36inform the wider debate on the nature of musical ability in general and stimulate
37further research.
382. Method
39A piece was especially composed for the experiment which was entitled The
40Chromatic Blues—dCBT, whose structure is shown in Fig. 1 (a score and digital
41recording of this and other material cited in the paper are available from the first
43Statistically, CB comprises 312 events occurring within 49 s (an average rate of 6.37
44events per second). The opening four bars are shown in Fig. 2.
45CB was presented to Derek over a number of sessions which were structured as
48(a) Derek plays CB as well as he is able (in all except the first session)
49(b) Derek listens to CB
50(c) Derek plays CB (again)
51(d) Derek listens to CB again
Fig. 1. Structure of The Chromatic Blues.
Fig. 2. Opening bars of The Chromatic Blues (nAdam Ockelford, 2003).
A. Ockelford, L. Pring / International Congress Series xx (2005) xxx–xxx2
53All material was performed on a Korg touch-sensitive keyboard SP-200 (using dPiano
541Tsound), recorded as MIDI and digital sound files, and reproduced using the same
55system. The pattern of sessions is shown in Fig. 3.
563. Results
57Derek’s first attempt at playing CB (immediately having heard it for the first time) began as
58follows (Fig. 4). Overall, this version (dCB-D1T) was derived from CB with a strength of derivation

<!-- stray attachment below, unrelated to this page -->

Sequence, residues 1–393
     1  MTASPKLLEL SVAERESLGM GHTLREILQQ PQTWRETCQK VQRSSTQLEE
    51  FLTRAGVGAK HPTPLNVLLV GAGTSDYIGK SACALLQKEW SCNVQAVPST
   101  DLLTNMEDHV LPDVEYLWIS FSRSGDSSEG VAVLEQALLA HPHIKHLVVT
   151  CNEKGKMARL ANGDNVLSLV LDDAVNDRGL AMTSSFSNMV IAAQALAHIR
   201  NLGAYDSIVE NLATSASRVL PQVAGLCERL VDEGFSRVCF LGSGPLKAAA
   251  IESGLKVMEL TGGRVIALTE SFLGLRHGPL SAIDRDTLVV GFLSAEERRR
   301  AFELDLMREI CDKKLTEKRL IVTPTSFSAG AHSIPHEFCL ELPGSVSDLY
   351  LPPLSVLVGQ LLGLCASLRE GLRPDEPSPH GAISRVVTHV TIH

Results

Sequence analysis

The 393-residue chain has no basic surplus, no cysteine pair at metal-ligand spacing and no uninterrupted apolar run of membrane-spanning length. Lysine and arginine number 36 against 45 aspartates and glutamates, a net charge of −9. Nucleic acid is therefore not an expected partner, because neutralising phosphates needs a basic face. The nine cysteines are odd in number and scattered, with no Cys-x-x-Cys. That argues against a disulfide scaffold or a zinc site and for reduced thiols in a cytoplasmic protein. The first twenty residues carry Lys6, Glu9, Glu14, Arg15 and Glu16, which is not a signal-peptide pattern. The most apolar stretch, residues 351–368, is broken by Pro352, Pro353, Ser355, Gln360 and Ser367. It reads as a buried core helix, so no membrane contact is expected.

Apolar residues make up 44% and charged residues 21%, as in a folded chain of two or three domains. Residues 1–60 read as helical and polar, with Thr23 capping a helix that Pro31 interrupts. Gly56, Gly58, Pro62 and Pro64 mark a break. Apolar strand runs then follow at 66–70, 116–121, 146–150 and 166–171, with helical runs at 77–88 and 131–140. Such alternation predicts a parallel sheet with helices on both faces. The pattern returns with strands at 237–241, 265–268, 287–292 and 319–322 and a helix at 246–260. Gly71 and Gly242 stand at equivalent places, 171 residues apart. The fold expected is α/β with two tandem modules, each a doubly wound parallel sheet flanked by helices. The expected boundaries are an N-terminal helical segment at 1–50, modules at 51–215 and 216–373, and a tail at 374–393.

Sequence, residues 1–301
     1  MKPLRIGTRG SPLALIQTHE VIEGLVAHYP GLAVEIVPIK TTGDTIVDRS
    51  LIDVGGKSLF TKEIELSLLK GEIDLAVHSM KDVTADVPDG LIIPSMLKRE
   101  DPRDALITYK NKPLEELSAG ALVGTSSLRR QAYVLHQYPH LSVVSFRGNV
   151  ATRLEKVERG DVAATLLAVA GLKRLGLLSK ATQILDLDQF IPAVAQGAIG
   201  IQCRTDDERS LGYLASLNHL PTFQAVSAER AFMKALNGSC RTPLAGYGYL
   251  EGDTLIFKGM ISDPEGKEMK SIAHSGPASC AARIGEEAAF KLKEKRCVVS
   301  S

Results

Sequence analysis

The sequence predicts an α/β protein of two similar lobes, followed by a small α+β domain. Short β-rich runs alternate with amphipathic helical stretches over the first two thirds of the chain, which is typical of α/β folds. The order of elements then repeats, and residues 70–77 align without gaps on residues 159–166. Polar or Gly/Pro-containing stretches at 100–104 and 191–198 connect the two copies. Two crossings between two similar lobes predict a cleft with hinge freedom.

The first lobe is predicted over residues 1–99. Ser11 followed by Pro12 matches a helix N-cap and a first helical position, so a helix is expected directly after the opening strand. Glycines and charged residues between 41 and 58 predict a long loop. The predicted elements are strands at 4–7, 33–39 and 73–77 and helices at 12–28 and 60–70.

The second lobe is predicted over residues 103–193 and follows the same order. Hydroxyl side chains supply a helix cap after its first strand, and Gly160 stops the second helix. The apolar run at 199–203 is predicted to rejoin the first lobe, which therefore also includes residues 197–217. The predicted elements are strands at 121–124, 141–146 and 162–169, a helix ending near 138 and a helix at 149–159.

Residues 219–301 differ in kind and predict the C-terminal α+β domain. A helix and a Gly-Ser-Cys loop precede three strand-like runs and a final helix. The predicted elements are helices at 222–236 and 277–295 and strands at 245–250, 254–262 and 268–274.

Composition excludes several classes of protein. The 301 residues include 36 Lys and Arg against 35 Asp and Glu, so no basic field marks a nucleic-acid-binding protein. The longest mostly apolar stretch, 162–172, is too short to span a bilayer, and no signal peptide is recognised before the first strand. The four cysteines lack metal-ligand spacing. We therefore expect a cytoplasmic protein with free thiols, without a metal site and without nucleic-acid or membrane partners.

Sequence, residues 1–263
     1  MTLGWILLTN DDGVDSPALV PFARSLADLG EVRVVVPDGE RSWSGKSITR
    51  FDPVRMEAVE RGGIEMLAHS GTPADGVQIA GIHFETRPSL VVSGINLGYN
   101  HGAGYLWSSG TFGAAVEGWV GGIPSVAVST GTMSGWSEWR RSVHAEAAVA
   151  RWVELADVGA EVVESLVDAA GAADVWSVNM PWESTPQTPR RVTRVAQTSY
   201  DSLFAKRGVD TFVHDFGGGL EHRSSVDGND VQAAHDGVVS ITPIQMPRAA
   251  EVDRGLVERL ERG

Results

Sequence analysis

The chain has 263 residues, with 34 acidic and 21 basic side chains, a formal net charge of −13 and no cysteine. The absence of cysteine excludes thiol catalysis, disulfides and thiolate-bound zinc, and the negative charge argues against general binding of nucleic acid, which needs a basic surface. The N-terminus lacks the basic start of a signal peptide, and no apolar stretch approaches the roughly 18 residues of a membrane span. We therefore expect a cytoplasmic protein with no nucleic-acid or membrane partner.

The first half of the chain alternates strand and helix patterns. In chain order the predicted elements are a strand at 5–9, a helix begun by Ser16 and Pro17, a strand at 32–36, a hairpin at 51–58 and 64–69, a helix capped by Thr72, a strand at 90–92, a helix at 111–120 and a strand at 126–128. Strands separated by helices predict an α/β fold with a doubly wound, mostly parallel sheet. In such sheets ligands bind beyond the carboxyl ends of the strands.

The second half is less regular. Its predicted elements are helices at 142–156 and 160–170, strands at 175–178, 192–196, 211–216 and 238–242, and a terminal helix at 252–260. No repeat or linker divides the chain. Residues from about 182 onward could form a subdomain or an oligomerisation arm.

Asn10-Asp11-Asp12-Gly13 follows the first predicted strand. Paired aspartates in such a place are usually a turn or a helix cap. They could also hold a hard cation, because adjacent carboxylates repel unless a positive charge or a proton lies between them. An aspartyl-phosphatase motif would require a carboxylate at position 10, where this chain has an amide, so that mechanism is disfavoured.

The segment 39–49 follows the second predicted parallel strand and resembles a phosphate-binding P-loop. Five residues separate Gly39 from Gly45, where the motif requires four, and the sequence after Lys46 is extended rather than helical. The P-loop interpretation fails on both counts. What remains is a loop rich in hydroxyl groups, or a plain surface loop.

59of 0.31 (using the excerpts for analysis set out in Fig. 1)[1].
60As this excerpt illustrates, it is a feature of Derek’s playing (rather like a natural language
61speaker) that what he produces invariably makes musical sense. As he was asked to play CB as well
62as he could, because he achieved a derivation index of only 0.31, we can assume that the piece was
63beyond the capacity of his working memory and that he was forced to modify, introduce or create
64material to dplug the gapsT. It appears that he did this, quite intuitively, in a number of ways. First,
65within the general style of the opening of CB (including tonality, metre and phrase structure) he
66utilised a number of subtle transformations of its musical material, including re-ordering fragments,
67and separating pitch and rhythmic elements and re-combining them in new ways. Second, he
68appeared to introduce material from other pieces in similar style including the dbass riffTfound in
69bars 1 and 2 (typical of Count Basie, for example), whose harmonic structure is based on a common
70dBlues turnaroundT, with the opening four bars outlining a design reminiscent of the chorus of Paper
71Moon. It is extremely doubtful that these apparent borrowings were part of Derek’s conscious
72thinking, but they give an insight into the possible nature of his nonconscious musical processing
73that was in train.
Fig. 3. Pattern of sessions with Derek and The Chromatic Blues.
Fig. 4. The opening four bars of Derek’s first attempt at The Chromatic Blues (dCB-D1T).
A. Ockelford, L. Pring / International Congress Series xx (2005) xxx–xxx 3
74Derek’s next effort at reproducing CB (in Session 2, which was separated from Session 1 by 2
75days) resulted in a further version (dCB-D2T) that was comparable to, though distinct from, CB-D1.
76Having heard CB again, Derek then reverted to CB-D1. In Session 3 (after a further 5 days) he
77returned to CB-D2 (see Fig. 5). However, his second attempt in this session revealed a distinct and
78audible transition from CB-D1 to a rendition much closer to CB (Fig. 6).
79The indices of derivation that Derek achieved over the entire period are as follows (see Fig. 7). It
80is worthy of note that there are marked improvements following the first break of a month (0.66 to